In Cavazos v. State, 969 S.W.2d 454 (Tex. App. 1998) the court allowed a phlebotomist’s testimony to hold her qualified over the defense’s objection. “Phlebotomists are not per se qualified to draw blood, but may be qualified based on their job duties or experience Martinez v. State (Tex. App. 2014).” See the following:
“At trial, Williams testified that her title was “phlebotomist,” she was trained as a medical assistant, and her responsibilities include drawing blood. The hospital had employed her in that capacity for over one year and she also had three-and-a-half years’ experience drawing blood for a physician. She also had prior experience conducting police-ordered blood draws. Williams described the procedure for conducting a police-ordered blood sample and the importance of not using alcohol when drawing blood for a blood-alcohol analysis. Williams, following police protocol, also signed her name on the tube containing Martinez’s blood. Viewing the evidence in the light most favorable to the trial court’s ruling, we hold that the trial court did not abuse Martinez v. State (Tex. App. 2014)”
So a person can draw blood in a warrant case who has no formal training but merely on the job training-
“Becknauld testified that while she had no formal training, she had been a phlebotomist for the past twenty four years.” Torres v. State, 109 S.W.3d 602, 2003 WL 21283663 (Tex. App. 2003)
What Location is Used For a Blood Draw?
All law enforcement phlebotomy programs outline specific guidelines, typically following OSHA standards, requiring that all blood draws be conducted in a controlled setting and on a stable surface. This does not include a car trunk or a backseat.
Blood Test Kit
Prior to the blood draw the phlebotomist shall verify the expiration date on the outside container is not expired. The expiration date should coincide with the expiration dates on the enclosed tubes. There is a lot number on the outside container. The phlebotomist shall record the expiration date and the lot number on the Phlebotomy Blood Draw Report.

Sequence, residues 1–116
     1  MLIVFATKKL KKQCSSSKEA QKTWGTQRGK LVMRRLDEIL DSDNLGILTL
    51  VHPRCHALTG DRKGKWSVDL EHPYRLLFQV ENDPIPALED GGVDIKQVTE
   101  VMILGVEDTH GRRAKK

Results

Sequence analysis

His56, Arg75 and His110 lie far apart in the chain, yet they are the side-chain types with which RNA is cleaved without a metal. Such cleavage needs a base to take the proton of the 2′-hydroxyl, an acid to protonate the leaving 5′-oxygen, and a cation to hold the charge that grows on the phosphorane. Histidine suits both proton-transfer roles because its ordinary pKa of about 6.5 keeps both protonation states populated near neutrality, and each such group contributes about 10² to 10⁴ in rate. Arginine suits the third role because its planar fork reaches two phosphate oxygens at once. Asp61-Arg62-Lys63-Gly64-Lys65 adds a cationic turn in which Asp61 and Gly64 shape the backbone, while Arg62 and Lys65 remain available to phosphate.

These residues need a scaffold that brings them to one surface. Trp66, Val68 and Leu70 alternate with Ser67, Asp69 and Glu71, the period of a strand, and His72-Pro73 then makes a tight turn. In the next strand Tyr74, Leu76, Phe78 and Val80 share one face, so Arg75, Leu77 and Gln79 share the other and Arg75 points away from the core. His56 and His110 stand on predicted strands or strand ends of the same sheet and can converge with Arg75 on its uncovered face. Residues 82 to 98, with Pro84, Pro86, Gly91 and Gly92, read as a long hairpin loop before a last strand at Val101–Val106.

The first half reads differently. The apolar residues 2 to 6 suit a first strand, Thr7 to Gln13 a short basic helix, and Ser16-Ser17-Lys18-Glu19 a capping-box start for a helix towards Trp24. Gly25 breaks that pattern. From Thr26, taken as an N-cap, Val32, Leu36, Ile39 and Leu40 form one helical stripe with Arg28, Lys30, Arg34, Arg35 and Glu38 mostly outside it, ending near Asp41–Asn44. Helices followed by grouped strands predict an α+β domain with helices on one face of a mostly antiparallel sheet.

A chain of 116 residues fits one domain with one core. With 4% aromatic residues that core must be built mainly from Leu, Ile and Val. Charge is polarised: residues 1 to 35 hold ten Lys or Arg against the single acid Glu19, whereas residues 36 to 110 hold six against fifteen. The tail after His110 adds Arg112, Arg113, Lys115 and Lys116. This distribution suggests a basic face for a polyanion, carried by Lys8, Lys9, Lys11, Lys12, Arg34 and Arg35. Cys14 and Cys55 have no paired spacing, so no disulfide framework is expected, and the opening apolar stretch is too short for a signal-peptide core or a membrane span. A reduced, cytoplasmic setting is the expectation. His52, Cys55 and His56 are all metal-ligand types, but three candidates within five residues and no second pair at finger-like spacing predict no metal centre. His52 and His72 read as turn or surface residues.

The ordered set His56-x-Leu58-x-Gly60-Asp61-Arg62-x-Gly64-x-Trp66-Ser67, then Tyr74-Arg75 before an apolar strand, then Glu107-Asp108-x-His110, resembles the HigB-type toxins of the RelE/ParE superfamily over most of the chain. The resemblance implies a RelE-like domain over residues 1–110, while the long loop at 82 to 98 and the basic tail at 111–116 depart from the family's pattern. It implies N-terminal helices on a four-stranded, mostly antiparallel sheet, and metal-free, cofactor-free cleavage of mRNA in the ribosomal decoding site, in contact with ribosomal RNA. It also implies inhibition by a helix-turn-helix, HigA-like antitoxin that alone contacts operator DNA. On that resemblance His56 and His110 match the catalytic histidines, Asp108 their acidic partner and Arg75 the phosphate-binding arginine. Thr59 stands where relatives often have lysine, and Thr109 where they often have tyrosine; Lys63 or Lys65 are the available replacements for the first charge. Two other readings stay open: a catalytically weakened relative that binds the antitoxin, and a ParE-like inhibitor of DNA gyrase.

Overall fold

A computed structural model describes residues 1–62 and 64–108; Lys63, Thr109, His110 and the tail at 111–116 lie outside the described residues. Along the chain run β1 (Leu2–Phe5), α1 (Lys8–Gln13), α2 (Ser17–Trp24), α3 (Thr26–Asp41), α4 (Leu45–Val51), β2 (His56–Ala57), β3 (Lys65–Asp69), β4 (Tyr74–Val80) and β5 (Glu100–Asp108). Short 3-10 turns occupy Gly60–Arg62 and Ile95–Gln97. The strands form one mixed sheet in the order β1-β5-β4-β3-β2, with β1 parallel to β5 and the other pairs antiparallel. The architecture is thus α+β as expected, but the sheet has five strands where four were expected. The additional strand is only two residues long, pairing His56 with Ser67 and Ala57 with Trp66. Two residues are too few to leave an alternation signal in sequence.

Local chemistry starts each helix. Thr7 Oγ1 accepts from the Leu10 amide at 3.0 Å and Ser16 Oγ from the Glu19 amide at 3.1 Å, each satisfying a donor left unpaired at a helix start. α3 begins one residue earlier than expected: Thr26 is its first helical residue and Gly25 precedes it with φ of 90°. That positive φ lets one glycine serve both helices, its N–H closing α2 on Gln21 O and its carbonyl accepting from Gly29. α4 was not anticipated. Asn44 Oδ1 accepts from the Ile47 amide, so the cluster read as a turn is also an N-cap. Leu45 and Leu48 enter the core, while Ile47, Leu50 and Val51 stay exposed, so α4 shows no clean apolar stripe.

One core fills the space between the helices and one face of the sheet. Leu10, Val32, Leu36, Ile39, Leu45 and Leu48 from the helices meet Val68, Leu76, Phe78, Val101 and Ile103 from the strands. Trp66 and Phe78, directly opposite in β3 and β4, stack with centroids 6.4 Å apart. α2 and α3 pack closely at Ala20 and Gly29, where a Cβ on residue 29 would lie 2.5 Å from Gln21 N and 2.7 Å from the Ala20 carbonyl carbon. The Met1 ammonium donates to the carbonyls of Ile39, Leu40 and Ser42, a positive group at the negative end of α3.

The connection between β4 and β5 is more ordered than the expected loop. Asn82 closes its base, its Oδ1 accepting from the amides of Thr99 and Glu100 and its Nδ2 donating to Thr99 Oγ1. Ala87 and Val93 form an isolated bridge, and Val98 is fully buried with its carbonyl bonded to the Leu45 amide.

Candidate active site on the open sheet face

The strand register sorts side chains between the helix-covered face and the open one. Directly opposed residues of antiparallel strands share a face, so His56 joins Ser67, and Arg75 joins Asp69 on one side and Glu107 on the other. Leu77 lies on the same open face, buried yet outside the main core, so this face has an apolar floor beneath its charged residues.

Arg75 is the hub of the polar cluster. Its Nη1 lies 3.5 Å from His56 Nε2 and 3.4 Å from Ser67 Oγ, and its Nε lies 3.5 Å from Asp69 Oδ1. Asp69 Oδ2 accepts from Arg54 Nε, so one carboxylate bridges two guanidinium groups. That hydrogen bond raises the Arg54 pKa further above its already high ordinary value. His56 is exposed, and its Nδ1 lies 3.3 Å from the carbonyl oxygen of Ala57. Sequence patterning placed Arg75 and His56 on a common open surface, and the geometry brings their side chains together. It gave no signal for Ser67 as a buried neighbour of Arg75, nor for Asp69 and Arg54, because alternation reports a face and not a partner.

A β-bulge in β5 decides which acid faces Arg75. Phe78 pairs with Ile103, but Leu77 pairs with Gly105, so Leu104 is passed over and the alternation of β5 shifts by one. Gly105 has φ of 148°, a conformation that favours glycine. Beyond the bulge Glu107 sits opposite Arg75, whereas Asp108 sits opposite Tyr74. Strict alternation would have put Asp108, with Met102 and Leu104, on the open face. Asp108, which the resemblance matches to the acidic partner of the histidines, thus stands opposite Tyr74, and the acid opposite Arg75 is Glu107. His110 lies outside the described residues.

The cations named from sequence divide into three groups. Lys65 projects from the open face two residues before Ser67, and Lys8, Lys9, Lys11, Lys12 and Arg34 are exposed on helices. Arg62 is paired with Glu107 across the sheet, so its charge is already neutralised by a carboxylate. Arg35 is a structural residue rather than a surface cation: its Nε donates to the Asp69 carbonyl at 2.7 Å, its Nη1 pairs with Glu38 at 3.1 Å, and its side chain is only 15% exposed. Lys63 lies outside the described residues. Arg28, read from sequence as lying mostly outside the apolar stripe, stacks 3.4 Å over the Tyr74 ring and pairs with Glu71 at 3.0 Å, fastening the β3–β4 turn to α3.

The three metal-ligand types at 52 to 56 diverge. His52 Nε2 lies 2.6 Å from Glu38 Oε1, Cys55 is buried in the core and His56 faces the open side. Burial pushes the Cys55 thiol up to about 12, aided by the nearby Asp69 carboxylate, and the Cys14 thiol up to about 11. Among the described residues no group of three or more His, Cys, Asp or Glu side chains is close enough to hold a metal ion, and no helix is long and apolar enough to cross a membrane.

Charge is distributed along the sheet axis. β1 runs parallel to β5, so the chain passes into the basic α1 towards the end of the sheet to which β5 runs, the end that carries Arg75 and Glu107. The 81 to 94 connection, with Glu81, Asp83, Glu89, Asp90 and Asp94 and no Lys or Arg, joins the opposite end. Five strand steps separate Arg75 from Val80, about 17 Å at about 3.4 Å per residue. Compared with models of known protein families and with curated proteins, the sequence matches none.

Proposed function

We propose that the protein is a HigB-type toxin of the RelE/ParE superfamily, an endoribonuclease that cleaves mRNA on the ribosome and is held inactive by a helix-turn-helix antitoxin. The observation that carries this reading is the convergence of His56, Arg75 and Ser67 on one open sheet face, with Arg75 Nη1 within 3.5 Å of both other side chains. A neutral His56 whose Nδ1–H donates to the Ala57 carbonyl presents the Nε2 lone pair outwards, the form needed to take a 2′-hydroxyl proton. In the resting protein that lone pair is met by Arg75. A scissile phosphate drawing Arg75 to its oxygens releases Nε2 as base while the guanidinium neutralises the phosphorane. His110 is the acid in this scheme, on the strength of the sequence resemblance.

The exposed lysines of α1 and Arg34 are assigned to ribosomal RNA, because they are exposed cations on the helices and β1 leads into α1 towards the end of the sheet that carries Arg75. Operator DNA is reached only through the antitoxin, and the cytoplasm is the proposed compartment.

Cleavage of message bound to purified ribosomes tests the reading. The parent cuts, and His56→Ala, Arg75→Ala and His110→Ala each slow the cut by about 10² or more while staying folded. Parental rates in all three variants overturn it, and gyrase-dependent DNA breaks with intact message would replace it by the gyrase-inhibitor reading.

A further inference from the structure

What Tubes Are Used For DWI Blood Tests?
The test kit has gray topped evacuated blood test tubes used for blood alcohol screening. The DWI and DUI alcohol testing specifically require gray topped tubes. They have two chemical additives inside. The additives are:
- Sodium Fluoride an antiglycolytic agent which inhibits the metabolic breakdown of glucose (blood sugar) by blood cells.
- Potassium Oxalate an anticoagulation agent.
The Phlebotomist SHALL NOT use expired tubes.
The phlebotomist shall verify that the integrity of the tube is intact and visually ensure that the chemical additive is present. This is very important. In 2019 the New Jersey tube manufacturer Becton Dickinson & Company had tubes that were missing the additives. The resulting test could have been inaccurate by being falsely high or low if tested more than two days after storage at room temperature.
The FDA documents the voluntary recall for BD Vacutainer Fluoride Tubes for Blood Alcohol determinations Part Number: 367001- https://www.accessdata.fda.gov/scripts/cdrh/cfdocs/cfRES/res.cfm?id=173340
The FDA approved the termination of the recall on May 5, 2020- https://www.accessdata.fda.gov/scripts/cdrh/cfdocs/cfCFR/CFRSearch.cfm?fr=7.55
More information is to come.